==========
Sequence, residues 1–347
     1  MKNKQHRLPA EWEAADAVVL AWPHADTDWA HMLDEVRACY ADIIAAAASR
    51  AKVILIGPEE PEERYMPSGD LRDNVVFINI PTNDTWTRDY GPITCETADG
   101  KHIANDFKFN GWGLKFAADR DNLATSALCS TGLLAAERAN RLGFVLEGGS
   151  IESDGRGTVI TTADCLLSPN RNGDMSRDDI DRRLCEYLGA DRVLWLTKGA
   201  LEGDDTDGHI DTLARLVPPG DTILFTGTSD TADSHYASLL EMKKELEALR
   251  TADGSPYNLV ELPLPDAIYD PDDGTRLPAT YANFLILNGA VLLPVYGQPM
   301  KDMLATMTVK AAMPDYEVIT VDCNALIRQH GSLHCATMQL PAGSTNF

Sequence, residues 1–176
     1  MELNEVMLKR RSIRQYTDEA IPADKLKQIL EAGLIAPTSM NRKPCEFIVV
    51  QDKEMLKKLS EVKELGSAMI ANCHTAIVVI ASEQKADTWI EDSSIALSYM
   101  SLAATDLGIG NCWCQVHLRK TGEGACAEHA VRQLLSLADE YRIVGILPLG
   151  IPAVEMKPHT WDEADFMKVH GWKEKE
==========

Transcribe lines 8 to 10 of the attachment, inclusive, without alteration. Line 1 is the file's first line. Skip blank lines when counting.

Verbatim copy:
   301  KDMLATMTVK AAMPDYEVIT VDCNALIRQH GSLHCATMQL PAGSTNF

Sequence, residues 1–176
     1  MELNEVMLKR RSIRQYTDEA IPADKLKQIL EAGLIAPTSM NRKPCEFIVV